War is going back under wraps — that's the next-generation plan put forth by the special operations commander who led the Osama bin Laden raid and embraced at the highest levels of the Pentagon and the White House.

Big armies and the land invasions of Iraq and Afghanistan will be replaced by fast and light special operations raids that leave little trace, or better yet, raids by friendly local forces the U.S. has trained, helping fight mutual enemies side by side.

U.S. officials say that's the plan offered by special operations chief Adm. Bill McRaven, who started working last fall to sell defense leaders on a plan to beef up his existing Theater Special Operations commands to reposition staff and equipment for the post-Iraq and Afghanistan wars era.

Defense Secretary Leon Panetta shared few details in the new Pentagon budget he outlined Thursday, but officials explained the nascent plan in greater detail to The Associated Press.

As the overall military force shrinks and special operations troops return from their 10-raid-a-night tempo in Iraq and Afghanistan, they'll be redeployed to special operations units in areas somewhat neglected during the decade-long focus on al-Qaida because there were simply too few of them to go around, according to a senior defense official and other current and former U.S. officials briefed on the program.

All officials spoke on condition of anonymity because the details of the proposal and timing of implementation are still being worked out.

While the idea is to work and train with foreign armies, the invigorated network would reinforce and reinvigorate special operations units in regions like the Pacific Rim.

That would enable them to launch splashy, unilateral raids like the one McRaven commanded last year that killed bin Laden in Pakistan — and the one Tuesday that rescued an American hostage and her Danish colleague. That rescue served to drive home President Barack Obama's national security achievements in his first term, as his State of the Union speech Tuesday night effectively launched his bid for a second term.

The senior defense official, however, emphasized that the new plan would mean special operations troops could increase cooperation with foreign armies, working with them to defeat local threats instead of the U.S. shouldering the bulk of such fights.

The idea tracks with the White House goal to transform the U.S. military into a smaller, more agile force, able to respond to a variety of threats beyond traditional military enemies. Even as U.S. officials outlined cuts to much of the military, Panetta has said funding for special operations and intelligence-gathering will increase — both emerging as the Obama White House's preferred way to confront many global threats after a decade of costly land invasions in Iraq and Afghanistan.

The special operations command's main responsibility now is to provide resources and personnel to the geographic combatant commanders. Technically, the special operations command has limited authority to respond to worldwide threats, only taking charge of individual operations if directed by the president or secretary of defense. The strengthened overseas network could serve as a practical first step to give McRaven a greater say in those overseas operations on a more frequent basis.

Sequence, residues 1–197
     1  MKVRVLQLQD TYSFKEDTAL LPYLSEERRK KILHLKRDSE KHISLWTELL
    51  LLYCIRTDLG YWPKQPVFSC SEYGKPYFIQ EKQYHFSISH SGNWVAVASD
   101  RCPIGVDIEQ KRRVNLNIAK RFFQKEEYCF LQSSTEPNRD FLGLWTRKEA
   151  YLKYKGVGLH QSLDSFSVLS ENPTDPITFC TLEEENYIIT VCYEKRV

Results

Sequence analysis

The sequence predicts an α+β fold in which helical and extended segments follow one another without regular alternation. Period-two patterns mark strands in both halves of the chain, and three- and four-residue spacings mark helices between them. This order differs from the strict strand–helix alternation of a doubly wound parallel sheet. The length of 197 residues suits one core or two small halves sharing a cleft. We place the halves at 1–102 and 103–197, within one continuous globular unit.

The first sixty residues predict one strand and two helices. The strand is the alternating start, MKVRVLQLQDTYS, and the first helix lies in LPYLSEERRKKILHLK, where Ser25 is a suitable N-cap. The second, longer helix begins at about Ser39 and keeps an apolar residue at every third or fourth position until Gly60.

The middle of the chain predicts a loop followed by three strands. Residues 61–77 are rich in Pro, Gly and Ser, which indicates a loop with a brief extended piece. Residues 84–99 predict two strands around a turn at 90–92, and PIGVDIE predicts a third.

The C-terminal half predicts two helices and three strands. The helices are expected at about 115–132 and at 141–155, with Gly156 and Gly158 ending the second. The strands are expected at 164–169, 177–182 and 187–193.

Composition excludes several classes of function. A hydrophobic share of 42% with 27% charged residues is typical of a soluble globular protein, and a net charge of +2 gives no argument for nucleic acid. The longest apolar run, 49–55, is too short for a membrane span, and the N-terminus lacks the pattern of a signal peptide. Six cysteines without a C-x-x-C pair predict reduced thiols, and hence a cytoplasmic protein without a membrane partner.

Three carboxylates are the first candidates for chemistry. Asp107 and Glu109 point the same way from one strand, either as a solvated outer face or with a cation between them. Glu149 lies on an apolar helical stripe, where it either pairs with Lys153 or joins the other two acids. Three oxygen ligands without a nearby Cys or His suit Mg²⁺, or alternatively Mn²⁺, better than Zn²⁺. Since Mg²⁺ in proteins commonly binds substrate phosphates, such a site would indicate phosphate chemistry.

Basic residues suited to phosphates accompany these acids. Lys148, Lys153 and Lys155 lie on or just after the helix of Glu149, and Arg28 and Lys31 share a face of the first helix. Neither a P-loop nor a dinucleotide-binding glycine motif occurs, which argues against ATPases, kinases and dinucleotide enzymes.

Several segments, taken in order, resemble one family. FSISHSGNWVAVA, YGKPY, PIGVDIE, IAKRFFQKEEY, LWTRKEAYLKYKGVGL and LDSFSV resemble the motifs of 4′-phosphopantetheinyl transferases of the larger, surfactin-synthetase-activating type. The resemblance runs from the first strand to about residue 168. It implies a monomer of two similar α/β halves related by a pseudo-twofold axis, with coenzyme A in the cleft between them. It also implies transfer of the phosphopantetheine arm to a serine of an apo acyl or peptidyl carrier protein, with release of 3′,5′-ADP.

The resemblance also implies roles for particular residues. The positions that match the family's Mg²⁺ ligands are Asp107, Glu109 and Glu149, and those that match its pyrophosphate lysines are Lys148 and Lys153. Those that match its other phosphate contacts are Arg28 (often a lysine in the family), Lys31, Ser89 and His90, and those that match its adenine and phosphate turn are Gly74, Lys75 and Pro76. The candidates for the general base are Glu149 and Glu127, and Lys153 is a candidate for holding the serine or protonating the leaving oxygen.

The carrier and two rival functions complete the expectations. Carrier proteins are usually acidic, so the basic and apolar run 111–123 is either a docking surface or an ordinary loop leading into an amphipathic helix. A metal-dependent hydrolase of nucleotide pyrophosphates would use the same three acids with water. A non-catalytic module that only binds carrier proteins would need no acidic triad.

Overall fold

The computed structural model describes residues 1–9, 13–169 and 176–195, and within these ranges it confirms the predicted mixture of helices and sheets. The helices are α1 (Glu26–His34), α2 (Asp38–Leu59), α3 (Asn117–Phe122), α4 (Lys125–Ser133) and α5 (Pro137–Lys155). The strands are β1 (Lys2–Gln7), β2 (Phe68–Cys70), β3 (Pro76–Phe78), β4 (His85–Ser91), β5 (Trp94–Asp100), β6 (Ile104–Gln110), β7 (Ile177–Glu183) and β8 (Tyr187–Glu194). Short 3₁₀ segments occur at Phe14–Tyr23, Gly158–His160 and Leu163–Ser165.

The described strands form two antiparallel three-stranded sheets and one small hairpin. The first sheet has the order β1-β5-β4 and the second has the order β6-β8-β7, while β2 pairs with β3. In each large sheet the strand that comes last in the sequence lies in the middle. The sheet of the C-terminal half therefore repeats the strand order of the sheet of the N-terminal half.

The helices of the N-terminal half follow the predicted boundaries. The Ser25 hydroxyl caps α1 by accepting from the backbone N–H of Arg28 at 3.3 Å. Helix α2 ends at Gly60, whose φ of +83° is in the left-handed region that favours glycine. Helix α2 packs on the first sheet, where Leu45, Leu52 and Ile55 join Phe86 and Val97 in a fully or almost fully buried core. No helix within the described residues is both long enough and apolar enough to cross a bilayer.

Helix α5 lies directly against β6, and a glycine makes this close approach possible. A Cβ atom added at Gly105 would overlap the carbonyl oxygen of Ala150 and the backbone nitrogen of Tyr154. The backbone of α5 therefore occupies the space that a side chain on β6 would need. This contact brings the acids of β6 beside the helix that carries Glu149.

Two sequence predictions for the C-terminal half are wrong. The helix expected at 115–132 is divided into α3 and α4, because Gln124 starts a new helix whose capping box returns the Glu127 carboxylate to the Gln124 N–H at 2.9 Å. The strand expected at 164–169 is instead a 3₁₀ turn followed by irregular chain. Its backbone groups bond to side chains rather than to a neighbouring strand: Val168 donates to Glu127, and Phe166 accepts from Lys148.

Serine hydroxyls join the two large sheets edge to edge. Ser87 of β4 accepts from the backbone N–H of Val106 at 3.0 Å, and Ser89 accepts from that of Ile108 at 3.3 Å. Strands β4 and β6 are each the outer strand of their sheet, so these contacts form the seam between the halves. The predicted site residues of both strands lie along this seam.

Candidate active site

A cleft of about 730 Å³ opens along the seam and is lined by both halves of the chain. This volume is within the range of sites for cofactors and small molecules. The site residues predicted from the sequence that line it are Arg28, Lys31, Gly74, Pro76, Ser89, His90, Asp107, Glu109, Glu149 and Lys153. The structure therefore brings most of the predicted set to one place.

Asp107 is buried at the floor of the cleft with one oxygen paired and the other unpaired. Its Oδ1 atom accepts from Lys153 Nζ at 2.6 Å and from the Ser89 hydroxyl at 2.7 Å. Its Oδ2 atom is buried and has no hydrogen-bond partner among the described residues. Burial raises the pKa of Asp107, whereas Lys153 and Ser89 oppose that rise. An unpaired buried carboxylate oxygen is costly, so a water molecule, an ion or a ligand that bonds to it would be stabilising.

Rather than adding troops to the overall force, McRaven wants to be able to more quickly dispatch some of the units where they are needed, according to a U.S. official briefed on the plan. Now, such moves have to filter through a bureaucratic process and layers of Pentagon authority, which in some cases can delay deploying extra special operations troops or assets where they are needed by weeks or months

Those troops could carry out raids or, more likely, work with local allies to teach them how to target regional enemies, as well as fostering long-term relationships, soldier to soldier, that can help defuse a crisis or coup years later.

The theater commands would also work to preserve close ties with allies from the NATO coalitions now breaking apart with the winding down of the wars, the officials said.

Eventually, the far-flung special operations commands could also serve as a framework for boosted U.S. interagency cooperation, fusing not just regional allies, but U.S. agencies like the CIA, FBI and the Drug Enforcement Administration.

Proponents of the plan say this could preserve the close working relationship among various agencies that has built up in the war zones.

The notion of a stronger special operations network drew a mixed review from Human Rights Watch, which has called on the Obama White House to turn over the CIA's covert action against terror suspects to military control.

"If it means handing more over to the military, it could be an improvement from a transparency perspective," said Andrea Prasow, counterterrorism counsel for Human Rights Watch, which has also pushed for the White House to make public how a suspect ends up on the target list. "But if the public still cannot find out what's happening, it's not good enough."



United States Special Operations Command: http://tinyurl.com/3qs3vqw

Human Rights Watch Letter to Obama: http://tinyurl.com/85z6whu


AP Intelligence Writer Kimberly Dozier can be followed on Twitter (at)kimberlydozier.